New Life for Linksys WRT300N with DD-WRT

DD-WRT Logo

My Linksys WRT300N has been a good router for home but now that I needed a some more routing options, I really needed to decide what to do. I don’t need a full-blown router since I am not dishing a routable class C or anything, just a couple of IPs to for servers.

I have known about dd-wrt and openwrt for quite a while, but thought those only supported the ubiquitus Linksys WRT54G models. Linksys has really left the device for dead and not provided an updated firmware version since 2007. So, I gave DD-WRT another look and turns out someone had incorporated a build for the model I had (a Linksys WRT300N version 1.1).

Here is the link to the files needed. I was able to easily upgrade the firmware to the ‘mega’ build and I am off to the races doing some great stuff recycling the hardware that is more than capable of handling vlans, etc with the right feature-base in the firmware. This is a realy great way to give old Linksys hardware new life. If I didn’t go down this road, I would have had to plug in more hardware like ethernet switches and take up more power and make even more of a mess in my garage. Have to thank BrainSlayer and all the others who contribute to DD-WRT. I hope I can help now as well.

DISCLAIMER: You are totally on your own if you want to mess with non-Linksys firmware on your devices. If you hose or brick your router it is ***NOT*** DD-WRT.com’s fault (or mine for that matter). If you are great with the way your WRT300N or other Linksys WRT* router works and/or you are not comfortable with messing with the internals of these devices, then don’t.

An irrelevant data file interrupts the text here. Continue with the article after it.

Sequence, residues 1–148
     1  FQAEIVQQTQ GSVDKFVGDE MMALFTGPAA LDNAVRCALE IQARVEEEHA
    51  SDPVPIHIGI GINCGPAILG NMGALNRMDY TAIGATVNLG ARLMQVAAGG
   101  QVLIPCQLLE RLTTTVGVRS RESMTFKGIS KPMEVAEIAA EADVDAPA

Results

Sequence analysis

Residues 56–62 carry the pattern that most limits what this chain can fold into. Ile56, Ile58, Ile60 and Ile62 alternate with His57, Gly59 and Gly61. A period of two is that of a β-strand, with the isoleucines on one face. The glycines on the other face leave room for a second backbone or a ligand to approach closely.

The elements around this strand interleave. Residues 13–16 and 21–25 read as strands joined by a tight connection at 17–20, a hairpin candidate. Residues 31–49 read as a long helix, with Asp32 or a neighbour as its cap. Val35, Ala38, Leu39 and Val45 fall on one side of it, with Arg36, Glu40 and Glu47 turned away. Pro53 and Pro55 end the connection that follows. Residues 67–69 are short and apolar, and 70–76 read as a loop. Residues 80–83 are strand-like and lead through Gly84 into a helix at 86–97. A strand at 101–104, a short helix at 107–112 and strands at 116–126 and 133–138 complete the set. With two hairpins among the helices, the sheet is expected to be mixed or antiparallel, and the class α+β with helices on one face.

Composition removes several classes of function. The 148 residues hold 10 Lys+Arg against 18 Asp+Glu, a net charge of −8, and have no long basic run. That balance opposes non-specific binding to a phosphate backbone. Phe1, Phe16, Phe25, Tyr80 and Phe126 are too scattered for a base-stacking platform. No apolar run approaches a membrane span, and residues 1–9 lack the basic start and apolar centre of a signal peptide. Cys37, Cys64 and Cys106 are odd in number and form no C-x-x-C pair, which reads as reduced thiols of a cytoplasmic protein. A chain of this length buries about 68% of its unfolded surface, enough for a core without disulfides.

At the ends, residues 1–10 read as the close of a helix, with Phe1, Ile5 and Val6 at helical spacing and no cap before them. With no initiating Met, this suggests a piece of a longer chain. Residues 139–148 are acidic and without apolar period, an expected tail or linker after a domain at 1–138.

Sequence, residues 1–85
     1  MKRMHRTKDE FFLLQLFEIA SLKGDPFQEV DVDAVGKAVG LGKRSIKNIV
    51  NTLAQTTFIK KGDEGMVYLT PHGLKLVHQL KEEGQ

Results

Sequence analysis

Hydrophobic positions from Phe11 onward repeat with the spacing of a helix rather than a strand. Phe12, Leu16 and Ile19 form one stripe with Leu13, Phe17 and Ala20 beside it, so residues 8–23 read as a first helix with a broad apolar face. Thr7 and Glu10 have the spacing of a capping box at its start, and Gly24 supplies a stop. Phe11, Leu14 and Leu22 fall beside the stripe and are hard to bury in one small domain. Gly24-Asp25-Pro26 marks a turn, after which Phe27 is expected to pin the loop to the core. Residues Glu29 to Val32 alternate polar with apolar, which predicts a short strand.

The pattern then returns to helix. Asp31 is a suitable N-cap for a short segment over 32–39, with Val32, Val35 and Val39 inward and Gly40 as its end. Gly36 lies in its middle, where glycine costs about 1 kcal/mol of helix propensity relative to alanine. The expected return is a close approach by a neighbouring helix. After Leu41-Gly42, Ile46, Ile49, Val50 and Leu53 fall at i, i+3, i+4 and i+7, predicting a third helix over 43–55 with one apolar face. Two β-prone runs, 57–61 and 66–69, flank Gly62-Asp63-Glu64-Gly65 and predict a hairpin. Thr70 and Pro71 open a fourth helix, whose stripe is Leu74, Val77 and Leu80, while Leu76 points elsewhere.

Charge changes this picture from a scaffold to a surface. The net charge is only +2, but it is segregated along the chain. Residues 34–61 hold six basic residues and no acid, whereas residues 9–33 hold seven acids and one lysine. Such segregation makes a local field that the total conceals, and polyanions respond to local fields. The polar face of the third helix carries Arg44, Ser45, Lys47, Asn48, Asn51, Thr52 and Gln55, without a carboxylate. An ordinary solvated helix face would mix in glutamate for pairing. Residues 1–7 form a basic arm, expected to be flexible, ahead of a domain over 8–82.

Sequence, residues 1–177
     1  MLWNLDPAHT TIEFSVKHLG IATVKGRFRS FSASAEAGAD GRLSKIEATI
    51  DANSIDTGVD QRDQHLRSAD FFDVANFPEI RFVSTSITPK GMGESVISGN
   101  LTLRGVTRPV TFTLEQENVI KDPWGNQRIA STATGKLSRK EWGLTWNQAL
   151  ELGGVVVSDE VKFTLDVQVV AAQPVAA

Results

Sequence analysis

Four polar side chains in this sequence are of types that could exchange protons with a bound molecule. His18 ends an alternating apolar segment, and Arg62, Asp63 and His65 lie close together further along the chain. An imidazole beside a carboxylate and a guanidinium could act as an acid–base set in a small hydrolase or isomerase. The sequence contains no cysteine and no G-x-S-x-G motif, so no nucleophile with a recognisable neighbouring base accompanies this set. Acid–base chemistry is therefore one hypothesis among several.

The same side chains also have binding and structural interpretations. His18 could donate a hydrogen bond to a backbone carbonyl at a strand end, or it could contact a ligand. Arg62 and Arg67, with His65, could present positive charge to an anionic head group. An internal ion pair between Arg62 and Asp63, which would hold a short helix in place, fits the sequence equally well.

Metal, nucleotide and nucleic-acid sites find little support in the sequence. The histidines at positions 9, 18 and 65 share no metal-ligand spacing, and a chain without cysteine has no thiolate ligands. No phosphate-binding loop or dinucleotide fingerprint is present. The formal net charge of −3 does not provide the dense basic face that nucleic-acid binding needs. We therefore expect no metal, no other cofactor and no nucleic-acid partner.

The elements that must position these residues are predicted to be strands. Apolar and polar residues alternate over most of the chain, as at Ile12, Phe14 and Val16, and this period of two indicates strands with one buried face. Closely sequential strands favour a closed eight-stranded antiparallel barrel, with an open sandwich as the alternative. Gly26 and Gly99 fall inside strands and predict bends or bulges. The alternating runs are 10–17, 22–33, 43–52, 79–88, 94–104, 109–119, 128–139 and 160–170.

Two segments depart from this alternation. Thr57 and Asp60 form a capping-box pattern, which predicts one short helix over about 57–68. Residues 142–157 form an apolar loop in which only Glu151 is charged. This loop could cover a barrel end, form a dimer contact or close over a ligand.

Zabbix 1.6.1 on Ubuntu Hardy Heron 8.04

After working with other Open Source monitoring systems over the years, I decided to give Zabbix a try. Net-Saint then Nagios was always good, but getting it going initially and then adding the trending graphing was always a pain. Big Brother was another good one, but now that Quest Software owns it, the BTF version gets less and less appealing. Zenoss is another that I have used recently, but not super-impressed with the ability to create a nice services dashboard that I want to monitor a bunch of hosts and services on one screen. So, Zabbix, I thought, was worth a shot. Also, just getting the monitoring then having to do some hokey, non-documented grapher for Nagios was not going to be fun again so time to try something new.

Good news is the manual is pretty good. My recommendation is to go with Ubuntu for the host OS if possible. I was always a RedHat/Centos guy, but just not really into hunting for dependencies and RPMs anymore. Apt-get is just too great to handle and when you want to get something done quickly, it is just really nice.